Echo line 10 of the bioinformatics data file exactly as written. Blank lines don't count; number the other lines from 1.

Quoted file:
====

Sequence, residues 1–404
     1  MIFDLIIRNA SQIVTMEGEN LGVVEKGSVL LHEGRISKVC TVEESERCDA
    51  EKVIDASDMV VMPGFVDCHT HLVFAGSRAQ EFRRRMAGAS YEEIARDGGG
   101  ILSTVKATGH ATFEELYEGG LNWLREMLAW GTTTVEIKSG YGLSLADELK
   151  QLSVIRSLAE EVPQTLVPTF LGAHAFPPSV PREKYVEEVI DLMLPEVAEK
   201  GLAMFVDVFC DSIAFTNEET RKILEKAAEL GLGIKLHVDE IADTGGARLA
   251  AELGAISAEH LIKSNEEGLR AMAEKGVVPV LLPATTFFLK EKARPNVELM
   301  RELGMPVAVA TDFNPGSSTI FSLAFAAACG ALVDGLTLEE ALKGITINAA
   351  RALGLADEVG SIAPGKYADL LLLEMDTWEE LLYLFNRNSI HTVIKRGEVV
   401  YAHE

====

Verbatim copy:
   401  YAHE